Settling the Land of Israel

The Sages teach (Sifri, Re’eh 53): “The Mitzvah of settling the Land
of Israel is equal to all of the other Mitzvoth in the Torah.” This is
due to the fact that, in addition to its own inherent value, the
Mitzvah of settling the Land of Israel serves as a foundation for the
healthy national existence of the Jewish people. Such an existence
allows the Jewish people – a people whose task it is to spread faith
in God and the Divine word – to bring about the perfection of the
entire world. It is for this reason that the Prophets of Israel
prophesized at length regarding the settlement and burgeoning of the
Land of Israel; the poets crowned her with a thousand crowns, and all
of the great rabbis longed to reach her soil.

This Mitzvah also embodies the principle of unity and love among the
Jewish people because it is fulfilled by the people and for the
So central is the commandment to settle the Land of Israel, that the
Torah instructs us to risk our lives in order to conquer and hold on
to the Land (Minchat Chinukh 425). The Torah even permits violating
certain aspects of Sabbath in order to hold on to her – even if just
to purchase one house (Shulchan Arukh, Orach Chaim 307:5). In extreme
cases the Torah even allows for divorce in order to fulfill this
commandment (Shulchan Arukh, Even HaEzer 75:4).

Religious Zionism

The commandment to settle the Land of Israel – i.e., that the Land be
in our hands, and not left barren – has always served as the
foundation and underpinning of religious Zionism’s approach to Aliya
(Jewish immigration to Israel), settlement, defense, and state. It
lies behind our viewing today’s events as the “first flowering of our
redemption” as foreseen by the Prophets. True to this philosophy, all
religious-Zionist educational institutions educate toward love of the
nation, the land, and the state; they advocate sharing the burden of
military service, economic and social responsibility, and
participation in all aspects of Jewish life, and in the entire Jewish
world. In the words of Rabbi Moshe Sofer, the “Chatam Sofer” (on
Sukkah 36): Any action or enterprise that serves to advance Jewish
settlement in the Land of Israel is included in this Mitzvah.

Joining Forces with Irreligious

With the appearance of modern Zionism, an intense dispute arose
between Rabbis. The debate centered on the question: Is it permissible
to join forces with irreligious elements of the Zionist movement?
Because of the great importance of the Mitzvah of settling the Land of
Israel, and despite the great difficulties involved, our prestigious
and eminent Rabbis concluded that such cooperation was indeed
necessary; this was the path that must be taken in order to settle the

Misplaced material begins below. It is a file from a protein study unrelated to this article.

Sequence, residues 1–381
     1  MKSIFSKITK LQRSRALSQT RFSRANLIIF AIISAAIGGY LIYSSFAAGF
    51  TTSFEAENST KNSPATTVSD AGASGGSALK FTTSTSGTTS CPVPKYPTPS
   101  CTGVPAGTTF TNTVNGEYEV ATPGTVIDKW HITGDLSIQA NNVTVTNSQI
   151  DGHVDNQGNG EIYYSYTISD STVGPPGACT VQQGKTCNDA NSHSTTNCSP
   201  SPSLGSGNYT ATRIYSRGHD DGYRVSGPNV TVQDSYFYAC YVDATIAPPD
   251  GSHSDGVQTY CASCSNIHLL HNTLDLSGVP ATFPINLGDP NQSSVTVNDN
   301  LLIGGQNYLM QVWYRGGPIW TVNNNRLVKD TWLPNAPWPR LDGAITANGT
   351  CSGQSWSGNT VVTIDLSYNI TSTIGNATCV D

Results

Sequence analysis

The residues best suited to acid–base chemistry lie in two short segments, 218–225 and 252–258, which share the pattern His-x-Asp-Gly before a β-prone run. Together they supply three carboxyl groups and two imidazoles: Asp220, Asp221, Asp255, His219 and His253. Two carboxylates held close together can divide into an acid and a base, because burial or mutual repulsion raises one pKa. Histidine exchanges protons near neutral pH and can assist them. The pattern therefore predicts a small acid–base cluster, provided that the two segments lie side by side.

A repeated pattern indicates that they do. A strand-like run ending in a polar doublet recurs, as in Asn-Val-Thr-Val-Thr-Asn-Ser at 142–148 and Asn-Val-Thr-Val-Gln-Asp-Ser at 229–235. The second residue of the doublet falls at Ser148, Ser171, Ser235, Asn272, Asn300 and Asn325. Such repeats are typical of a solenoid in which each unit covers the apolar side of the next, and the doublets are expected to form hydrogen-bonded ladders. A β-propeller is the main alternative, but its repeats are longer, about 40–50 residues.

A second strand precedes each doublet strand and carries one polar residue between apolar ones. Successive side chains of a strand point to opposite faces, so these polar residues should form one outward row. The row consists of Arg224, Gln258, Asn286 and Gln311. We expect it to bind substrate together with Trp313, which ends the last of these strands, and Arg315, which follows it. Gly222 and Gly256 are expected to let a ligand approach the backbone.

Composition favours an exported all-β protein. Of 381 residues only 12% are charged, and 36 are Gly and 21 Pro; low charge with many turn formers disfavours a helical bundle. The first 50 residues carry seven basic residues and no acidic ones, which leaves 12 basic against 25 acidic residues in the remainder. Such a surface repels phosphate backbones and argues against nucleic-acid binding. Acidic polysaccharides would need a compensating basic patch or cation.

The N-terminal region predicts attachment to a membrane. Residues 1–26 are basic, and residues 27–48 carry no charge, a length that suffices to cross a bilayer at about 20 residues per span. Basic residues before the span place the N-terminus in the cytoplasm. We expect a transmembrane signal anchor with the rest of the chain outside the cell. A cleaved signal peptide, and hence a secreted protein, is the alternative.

Land and harbor the Redemption of Israel. This was the position taken
by renowned Torah authorities such as Rabbi Kook, Rabbi Reines, Rabbi
Hertzog, Rabbi Amiel, Rabbi Uziel, Rabbi Adaya, Rabbi Ratah, Rabbi
Charlap, Rabbi Tzvi Yehuda Kook, and others.

Prohibition against Uprooting

It is clear, then, that participating in any sort of action that aims
at violating this great Mitzvah – a Mitzvah that guides our every step
and for which we are willing to sacrifice so much – is forbidden.
Rabbi Tzvi Yehuda Kook and Rabbi Shlomo Goren, of blessed memory, thus
ruled that it is forbidden to hand over portions of the Land of Israel
to non-Jews, not to mention uprooting a Jewish settlement for this
When, in time, the question arose as to what ought to be done in a
situation where a ruling of the Israeli government clashes with the
essential commandment to settle the Land of Israel, it was declared
that there is clear and unquestionable preference for the law of the
Torah. Eternal, never-changing Torah commandments take precedence over
any type of government decision, which, by its very nature, is given
to change.

This principle holds true not only regarding the commandment to settle
the Land of Israel; it is the case concerning all of the Mitzvoth of
the Torah. It is forbidden to follow the law of a king or government
that negates the word of the Torah. Then Chief Rabbi of the Israeli
Defense Forces, Rabbi Shlomo Goren zt”l, publicized this ruling and,
despite the rebuke of the Chief of Staff, refused to reverse it. (The
precedent for this ruling can be found in Sanhedrin 49a and in Yad,
Hilkhot Melakhim 3:9).
Clearly, it is preferable to do everything possible via the Knesset,
the Government, and the public, in order to prevent the emergence of a
ruling which negates such an important Mitzvah. Yet, if this is not
successful, it becomes necessary to stand in adamant, passive
opposition to the Government ruling – a ruling which, in the words of
Rabbi Tzvi Yehuda Kook, is “null and void in comparison to the eternal
law of the Torah.”

Yet, even if we accept the fact that not all Knesset members
understand the Halakhic prohibition involved here, how can anyone even
consider commanding a Jew, for whom the Mitzvah to settle the Land of
Israel is so central, to destroy a settlement and to displace its
residents? How is it possible to order a Jew to uproot with his own
hands the very foundation of his faith? Could their hearts be so hard?
Would they even command a person to dislocate his own parents? Are
they not ashamed to command a person to assault that which is most
dear to him?

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